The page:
you know, genuine and warmthan-than...

What do you think is

the most important partof this reintroduction?

Do you thinkit's these personal stories

for us to get to know heras a human, or do you think

it's thingsthat she's accomplished

that we don't know about?

'Cause he brought up some thingsthat she had done.

-YARD: Yeah. -Or is itwhat happened in Benghazi?

YARD:I don't care about

you reintroducing meto Hillary Clinton

as a mother and this or that.

I would hopethat's what she's doing that

because that's what she is.

-WILMORE: Sure.-I care about policy.

I don't give a (bleep)if you like long walks

or you watch Police Academy movies.

-That (bleep)-- it doesn't meananything to me. -WILMORE: Yeah.

How are you goingto affect change in my life

in a positive direction?

That's what I care about.We get too caught up...

-(applause and cheering)-Yeah.

I feel like... we gettoo caught up in personality.

-WILMORE: Right. -The thingsthat I was most impressed about

last night was the stuffI didn't know about.

The Eagle Academy workthat she did.

That kind of stuff.The meeting with the mothers.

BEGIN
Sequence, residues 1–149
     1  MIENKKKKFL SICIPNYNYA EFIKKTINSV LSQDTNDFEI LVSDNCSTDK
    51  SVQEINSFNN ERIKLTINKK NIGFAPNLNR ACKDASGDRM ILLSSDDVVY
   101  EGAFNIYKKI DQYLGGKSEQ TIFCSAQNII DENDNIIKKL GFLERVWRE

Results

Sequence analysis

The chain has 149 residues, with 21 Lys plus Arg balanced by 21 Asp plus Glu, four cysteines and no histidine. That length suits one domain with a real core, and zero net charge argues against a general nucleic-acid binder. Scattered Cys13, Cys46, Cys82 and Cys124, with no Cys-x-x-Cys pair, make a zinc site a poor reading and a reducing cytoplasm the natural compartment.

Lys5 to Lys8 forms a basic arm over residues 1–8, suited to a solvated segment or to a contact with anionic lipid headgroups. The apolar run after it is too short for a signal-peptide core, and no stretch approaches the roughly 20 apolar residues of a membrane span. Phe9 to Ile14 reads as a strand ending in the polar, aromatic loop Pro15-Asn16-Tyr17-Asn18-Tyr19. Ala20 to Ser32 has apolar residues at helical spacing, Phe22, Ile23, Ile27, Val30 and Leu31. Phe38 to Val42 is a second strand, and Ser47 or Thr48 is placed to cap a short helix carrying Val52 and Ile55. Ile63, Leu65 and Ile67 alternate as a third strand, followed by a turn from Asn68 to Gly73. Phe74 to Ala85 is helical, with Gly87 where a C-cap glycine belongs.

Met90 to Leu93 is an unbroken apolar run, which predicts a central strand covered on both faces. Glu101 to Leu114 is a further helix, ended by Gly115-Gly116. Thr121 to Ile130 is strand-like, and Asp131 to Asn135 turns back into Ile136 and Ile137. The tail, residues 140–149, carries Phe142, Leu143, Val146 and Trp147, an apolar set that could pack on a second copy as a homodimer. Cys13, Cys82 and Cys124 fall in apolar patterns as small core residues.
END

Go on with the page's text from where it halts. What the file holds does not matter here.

That kind of stuff.That's what I care about.

How are you gonna talk aboutpolicy that helps change...

-you know, people's situationand not... -Yeah.

I don't care what you do onyour off time. That's on you.

Well, it's funny,'cause I actually was impressed

by the thingsshe did in her off time,

where she had written lettersto, uh, this kid.

He grew up with dwarfism,and she met him as a kid,

and now he's an adult.But she used to send him letters

before his major surgeries--she didn't have to do that.

I mean, that kind of connectionwith somebody

is something morethan what a politician does.

-It does show some character...-But did she affect policy

that helped payfor that surgery?

-That is what I care about.-Yes, she did, actually.

Exactly. Tell me that.Don't tell me about letters.

She's been involvedin that sort of legislation

-her whole career, actually,you know. -Yeah.

-I mean, she has. -I thinkthat's what they need to push...

No, but that actuallyhas been her passion.

Well, unlike with Donald Trump,she found members

outside of her immediate familywilling to say nice things

about her, which I do think,you know, speaks volumes.

It's an important point. Okay,let me ask you this last thing.

-So...-(applause, whooping)